We seek to find new paradigms in the maintenance of the eukaryotic genome. While classical studies on the DNA damage response have focused on DNA, we are now addressing the role of chromatin in genome integrity. There are two major modes of chromatin modification: ATP-dependent chromatin remodeling and histone modification. We are interested in understanding how these chromatin-modifying activities are involved in various aspects of the DNA damage response, and how alterations in these chromatin-modifying activities lead to cancer.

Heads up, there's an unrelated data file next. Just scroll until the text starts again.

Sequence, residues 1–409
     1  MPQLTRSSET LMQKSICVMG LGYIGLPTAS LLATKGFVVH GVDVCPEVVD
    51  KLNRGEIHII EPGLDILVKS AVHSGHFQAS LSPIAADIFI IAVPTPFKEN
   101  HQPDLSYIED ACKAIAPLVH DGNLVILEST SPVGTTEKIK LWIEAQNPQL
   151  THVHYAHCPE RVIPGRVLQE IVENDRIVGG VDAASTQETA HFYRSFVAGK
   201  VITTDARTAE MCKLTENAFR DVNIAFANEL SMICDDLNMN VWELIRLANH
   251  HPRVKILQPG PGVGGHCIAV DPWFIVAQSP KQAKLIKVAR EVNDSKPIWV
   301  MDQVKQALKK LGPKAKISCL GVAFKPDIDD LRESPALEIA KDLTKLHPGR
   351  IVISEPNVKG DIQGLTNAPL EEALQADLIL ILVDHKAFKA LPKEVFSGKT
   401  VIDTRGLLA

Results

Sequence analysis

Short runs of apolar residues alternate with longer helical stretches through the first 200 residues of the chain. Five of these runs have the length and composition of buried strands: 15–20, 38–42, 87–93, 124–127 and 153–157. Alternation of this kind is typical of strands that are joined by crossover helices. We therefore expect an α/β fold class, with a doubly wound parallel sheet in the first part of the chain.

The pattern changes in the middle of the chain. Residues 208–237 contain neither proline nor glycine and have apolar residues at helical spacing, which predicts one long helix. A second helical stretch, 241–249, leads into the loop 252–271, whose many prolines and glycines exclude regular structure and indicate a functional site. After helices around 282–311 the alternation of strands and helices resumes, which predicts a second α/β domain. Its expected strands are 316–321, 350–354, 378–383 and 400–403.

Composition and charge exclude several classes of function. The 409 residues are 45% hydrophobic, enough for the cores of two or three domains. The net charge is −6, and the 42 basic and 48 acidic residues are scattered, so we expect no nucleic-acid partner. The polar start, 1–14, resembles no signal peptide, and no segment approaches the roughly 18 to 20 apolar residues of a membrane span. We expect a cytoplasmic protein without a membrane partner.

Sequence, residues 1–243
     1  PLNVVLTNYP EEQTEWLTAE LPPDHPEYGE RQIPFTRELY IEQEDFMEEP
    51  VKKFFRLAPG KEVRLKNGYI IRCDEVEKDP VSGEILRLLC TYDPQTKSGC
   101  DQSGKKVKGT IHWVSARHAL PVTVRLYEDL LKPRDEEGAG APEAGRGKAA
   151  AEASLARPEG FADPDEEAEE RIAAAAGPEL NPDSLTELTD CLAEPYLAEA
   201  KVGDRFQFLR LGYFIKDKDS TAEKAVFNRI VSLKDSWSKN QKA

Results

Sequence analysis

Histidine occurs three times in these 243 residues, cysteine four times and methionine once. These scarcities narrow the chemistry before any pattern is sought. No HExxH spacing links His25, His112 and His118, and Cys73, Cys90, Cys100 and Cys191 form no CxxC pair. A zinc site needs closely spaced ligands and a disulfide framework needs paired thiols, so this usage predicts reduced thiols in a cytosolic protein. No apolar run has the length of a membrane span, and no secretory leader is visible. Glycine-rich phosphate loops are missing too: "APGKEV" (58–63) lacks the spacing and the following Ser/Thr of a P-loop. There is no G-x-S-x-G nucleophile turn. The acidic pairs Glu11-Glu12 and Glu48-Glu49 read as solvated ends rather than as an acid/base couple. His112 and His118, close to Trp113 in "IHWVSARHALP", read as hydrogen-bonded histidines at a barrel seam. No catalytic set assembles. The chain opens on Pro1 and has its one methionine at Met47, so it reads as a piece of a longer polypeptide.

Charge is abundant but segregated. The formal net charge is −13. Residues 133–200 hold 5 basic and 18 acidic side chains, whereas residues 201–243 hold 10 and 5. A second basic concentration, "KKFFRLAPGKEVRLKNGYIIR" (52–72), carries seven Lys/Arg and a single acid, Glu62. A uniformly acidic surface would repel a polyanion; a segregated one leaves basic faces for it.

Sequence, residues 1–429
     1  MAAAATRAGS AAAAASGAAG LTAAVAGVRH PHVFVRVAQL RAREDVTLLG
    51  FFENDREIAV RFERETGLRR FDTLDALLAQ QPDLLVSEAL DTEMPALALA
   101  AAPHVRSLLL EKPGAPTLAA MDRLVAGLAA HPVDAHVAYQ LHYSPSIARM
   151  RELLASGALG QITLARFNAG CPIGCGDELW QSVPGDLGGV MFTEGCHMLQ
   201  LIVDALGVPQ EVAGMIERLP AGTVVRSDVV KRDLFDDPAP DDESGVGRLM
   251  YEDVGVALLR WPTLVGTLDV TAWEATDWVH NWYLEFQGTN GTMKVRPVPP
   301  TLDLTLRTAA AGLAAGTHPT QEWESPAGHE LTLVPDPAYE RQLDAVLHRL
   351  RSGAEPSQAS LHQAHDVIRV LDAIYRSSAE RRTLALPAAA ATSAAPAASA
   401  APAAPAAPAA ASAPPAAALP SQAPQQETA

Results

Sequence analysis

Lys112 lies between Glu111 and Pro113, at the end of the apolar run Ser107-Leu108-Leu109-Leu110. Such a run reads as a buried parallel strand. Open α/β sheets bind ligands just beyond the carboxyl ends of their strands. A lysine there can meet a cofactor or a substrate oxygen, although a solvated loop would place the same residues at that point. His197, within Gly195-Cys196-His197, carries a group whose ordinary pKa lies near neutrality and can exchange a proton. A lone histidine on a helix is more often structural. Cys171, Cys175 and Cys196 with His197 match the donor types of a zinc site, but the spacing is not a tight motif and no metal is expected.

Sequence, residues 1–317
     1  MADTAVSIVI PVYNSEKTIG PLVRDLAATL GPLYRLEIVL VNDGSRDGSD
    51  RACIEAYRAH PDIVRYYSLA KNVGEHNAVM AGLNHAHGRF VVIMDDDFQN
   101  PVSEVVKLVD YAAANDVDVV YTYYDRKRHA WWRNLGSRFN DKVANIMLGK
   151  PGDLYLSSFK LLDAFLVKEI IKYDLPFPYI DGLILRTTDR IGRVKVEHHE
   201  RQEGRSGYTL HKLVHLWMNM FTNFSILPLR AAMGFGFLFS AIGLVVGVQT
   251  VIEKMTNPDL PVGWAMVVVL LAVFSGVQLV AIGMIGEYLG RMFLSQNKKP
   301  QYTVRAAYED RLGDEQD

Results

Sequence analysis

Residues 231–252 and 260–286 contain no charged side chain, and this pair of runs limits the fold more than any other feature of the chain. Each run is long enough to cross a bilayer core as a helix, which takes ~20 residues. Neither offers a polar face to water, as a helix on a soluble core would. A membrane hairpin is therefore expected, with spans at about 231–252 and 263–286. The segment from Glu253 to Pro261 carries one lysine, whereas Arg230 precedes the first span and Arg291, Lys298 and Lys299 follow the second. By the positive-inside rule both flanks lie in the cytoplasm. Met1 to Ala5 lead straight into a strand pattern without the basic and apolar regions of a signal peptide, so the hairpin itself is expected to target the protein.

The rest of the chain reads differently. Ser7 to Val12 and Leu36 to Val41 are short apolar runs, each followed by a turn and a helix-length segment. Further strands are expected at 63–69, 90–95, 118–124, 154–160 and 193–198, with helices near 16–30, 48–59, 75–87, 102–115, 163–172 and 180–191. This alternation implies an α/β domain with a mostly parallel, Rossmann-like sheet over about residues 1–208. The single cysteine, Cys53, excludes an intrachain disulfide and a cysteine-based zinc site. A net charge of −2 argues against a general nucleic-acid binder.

We use the budding yeast as a model system, taking advantage of its powerful genetics and well-developed biochemical tools. Our current research focuses on a novel and evolutionarily conserved class of ATP-dependent chromatin remodeling complexes called the INO80 class. The study of the INO80 complex has led us to two main areas of research in the lab: the DNA damage response, and the regulation of nuclear actin.